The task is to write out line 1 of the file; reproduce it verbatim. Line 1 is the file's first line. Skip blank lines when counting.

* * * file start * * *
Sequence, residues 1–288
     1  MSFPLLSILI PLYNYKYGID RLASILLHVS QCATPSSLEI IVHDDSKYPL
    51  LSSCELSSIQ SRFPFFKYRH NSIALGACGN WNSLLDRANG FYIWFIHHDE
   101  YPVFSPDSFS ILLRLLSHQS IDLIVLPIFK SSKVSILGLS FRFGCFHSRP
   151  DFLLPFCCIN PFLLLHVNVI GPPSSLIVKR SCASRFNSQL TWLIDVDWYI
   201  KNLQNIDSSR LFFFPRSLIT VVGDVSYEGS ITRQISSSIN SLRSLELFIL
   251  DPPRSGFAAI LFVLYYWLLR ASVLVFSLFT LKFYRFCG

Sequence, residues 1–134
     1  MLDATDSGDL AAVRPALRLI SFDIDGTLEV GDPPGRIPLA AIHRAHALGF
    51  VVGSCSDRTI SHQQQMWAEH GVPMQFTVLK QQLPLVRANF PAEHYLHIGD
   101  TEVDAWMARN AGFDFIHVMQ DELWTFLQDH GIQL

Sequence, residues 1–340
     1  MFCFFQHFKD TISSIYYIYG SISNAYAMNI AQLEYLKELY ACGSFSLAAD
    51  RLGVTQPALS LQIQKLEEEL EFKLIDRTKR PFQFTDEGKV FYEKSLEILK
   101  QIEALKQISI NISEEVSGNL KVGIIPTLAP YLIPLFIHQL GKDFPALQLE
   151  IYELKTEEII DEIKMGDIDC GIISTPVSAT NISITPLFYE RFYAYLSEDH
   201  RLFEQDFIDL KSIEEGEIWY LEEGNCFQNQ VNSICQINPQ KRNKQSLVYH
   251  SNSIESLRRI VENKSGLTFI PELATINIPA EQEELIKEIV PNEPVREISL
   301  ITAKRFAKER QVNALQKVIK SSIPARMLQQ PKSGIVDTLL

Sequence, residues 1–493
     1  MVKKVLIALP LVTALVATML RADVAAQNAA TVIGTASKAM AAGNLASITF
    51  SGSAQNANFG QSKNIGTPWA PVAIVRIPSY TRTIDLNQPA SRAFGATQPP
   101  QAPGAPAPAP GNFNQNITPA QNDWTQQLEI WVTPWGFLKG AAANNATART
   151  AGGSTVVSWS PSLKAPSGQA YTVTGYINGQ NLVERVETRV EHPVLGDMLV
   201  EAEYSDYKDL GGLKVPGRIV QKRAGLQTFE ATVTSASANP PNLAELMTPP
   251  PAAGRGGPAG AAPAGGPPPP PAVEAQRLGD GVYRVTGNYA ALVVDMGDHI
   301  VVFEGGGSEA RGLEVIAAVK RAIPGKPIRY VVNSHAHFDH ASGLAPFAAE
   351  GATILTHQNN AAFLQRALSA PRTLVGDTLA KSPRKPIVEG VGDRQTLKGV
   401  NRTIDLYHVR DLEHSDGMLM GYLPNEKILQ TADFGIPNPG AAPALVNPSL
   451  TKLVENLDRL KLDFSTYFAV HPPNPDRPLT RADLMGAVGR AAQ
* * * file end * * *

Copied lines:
Sequence, residues 1–288